Those who build machines and the software that runs them or those who are able to augment their own capabilities with the assistance of intelligent machines. Cal Newport describes how famed statistician augments his analysis through machine assistance: “Nate Silver, of course, with his comfort in feeding data into large databases, then siphoning it out into his mysterious Monte Carlo simulations, is the epitome of the high-skilled worker. Intelligent machines are not an obstacle to Silver’s success, but instead provide its precondition” (24, Deep Work)

The Superstars

This group benefits from the power of technology to more widely distribute their products or communicate across long distances. This group possesses a skill or product of high value and is high demand. In the past, these superstars ability to sell their talents was limited to their immediate geography, which meant that their competitors could still sell their talents to the areas where the superstars were not; markets were more localized. Now, the Internet has made it possible for the best within a given area to displace the local monopolies. As a result, superstars can now sell their value at unprecedented scale at the expense of the non-superstars.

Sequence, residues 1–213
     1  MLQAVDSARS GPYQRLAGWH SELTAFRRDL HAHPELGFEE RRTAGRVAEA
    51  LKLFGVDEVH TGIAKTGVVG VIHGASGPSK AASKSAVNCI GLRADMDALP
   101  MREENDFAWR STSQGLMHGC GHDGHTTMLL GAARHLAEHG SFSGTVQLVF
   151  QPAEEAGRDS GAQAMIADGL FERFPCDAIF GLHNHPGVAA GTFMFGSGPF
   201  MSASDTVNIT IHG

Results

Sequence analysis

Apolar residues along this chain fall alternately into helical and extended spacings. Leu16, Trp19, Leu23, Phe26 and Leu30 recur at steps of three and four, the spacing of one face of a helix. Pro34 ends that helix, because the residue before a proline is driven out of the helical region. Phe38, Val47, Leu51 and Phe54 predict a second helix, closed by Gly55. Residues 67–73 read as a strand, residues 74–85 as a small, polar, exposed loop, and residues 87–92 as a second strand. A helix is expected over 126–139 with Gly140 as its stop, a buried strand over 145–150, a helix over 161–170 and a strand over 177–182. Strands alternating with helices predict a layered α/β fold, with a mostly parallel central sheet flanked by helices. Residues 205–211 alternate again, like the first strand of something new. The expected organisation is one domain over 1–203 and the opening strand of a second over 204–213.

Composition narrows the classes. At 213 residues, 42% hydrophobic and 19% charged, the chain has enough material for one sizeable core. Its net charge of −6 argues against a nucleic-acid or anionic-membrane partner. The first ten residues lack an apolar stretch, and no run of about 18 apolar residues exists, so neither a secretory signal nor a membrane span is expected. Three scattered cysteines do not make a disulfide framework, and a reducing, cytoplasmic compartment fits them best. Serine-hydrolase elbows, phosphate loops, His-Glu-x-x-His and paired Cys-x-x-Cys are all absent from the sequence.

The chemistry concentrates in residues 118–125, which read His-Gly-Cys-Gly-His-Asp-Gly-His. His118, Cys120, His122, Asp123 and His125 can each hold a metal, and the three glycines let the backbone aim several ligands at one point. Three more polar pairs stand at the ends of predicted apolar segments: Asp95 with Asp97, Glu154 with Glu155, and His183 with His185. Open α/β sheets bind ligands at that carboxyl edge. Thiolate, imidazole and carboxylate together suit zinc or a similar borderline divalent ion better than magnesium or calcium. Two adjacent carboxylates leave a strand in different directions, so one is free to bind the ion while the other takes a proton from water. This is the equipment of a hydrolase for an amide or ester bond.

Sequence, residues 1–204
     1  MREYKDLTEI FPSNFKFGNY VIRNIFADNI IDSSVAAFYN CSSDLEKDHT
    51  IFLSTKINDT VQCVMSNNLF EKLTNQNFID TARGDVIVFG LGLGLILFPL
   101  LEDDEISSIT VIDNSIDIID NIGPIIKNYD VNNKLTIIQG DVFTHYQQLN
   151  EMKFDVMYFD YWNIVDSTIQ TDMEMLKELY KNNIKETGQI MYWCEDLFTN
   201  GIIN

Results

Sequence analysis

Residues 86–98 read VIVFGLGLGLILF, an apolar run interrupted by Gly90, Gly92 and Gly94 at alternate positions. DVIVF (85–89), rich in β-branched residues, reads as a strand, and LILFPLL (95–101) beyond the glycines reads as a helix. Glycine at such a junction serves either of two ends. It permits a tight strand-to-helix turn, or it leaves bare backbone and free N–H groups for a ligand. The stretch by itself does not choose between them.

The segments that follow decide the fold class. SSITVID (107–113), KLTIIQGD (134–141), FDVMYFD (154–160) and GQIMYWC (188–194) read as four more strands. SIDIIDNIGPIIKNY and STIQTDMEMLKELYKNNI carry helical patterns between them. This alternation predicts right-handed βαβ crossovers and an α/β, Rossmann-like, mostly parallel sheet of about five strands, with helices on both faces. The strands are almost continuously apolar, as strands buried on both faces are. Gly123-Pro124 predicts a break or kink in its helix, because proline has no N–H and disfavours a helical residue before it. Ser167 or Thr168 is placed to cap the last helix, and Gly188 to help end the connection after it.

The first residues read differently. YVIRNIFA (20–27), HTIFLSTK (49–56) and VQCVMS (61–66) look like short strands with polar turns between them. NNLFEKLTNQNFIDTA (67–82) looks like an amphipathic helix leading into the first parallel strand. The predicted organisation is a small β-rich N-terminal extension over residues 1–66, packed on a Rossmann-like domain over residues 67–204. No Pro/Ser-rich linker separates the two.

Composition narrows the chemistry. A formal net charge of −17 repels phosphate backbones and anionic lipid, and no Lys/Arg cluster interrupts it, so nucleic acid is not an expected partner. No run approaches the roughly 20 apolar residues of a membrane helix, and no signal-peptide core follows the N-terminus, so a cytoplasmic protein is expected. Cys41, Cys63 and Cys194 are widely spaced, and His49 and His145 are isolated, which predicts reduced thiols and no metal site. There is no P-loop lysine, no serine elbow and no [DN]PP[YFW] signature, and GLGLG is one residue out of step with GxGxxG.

The Owners

Those with capital to invest in technology will be capable of rapidly growing their capital. Cal Newport explains the implications of McAfee / Brynjolfsson’s ‘Great Restructuring’ theory: